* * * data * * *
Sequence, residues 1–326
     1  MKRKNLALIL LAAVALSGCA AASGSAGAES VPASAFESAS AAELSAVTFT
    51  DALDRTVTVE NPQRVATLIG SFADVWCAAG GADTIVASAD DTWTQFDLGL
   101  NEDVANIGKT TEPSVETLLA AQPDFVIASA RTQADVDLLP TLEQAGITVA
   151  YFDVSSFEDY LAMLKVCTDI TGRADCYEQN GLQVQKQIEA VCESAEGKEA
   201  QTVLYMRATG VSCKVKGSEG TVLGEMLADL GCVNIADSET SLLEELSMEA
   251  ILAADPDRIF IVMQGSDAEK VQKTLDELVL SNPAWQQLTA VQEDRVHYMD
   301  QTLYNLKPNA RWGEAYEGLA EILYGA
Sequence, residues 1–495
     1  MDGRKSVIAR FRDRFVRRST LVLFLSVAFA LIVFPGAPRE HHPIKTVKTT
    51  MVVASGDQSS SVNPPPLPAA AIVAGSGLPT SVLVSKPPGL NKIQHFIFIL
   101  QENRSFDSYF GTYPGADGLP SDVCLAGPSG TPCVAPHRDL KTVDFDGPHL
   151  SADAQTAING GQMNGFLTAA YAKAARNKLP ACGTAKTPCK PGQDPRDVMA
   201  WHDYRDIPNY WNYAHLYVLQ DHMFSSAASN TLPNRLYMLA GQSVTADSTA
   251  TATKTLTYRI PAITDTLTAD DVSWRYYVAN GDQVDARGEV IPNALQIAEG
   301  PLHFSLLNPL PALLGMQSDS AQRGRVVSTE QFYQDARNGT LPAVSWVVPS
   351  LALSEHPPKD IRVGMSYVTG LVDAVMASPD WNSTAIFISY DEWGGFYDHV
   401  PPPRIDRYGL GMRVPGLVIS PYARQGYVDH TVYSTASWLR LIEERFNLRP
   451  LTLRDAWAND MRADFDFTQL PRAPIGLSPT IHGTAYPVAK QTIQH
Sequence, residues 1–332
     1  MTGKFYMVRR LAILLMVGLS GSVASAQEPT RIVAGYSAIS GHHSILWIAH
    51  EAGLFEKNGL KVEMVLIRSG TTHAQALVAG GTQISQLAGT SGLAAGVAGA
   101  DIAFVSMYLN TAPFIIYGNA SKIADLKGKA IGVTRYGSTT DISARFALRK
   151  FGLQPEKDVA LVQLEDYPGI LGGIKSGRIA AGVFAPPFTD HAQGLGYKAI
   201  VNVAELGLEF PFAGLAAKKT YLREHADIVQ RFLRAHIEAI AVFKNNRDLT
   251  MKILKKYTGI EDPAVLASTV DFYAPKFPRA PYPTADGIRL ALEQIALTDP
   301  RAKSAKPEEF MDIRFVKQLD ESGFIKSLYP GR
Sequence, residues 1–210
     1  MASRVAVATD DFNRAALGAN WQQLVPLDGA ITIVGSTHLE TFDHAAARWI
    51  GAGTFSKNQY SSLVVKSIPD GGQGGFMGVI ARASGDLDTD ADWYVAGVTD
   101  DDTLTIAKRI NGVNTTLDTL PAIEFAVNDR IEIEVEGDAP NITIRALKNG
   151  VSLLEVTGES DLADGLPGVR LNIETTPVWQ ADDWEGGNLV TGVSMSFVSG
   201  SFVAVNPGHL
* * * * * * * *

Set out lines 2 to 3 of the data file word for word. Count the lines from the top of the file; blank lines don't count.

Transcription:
     1  MKRKNLALIL LAAVALSGCA AASGSAGAES VPASAFESAS AAELSAVTFT
    51  DALDRTVTVE NPQRVATLIG SFADVWCAAG GADTIVASAD DTWTQFDLGL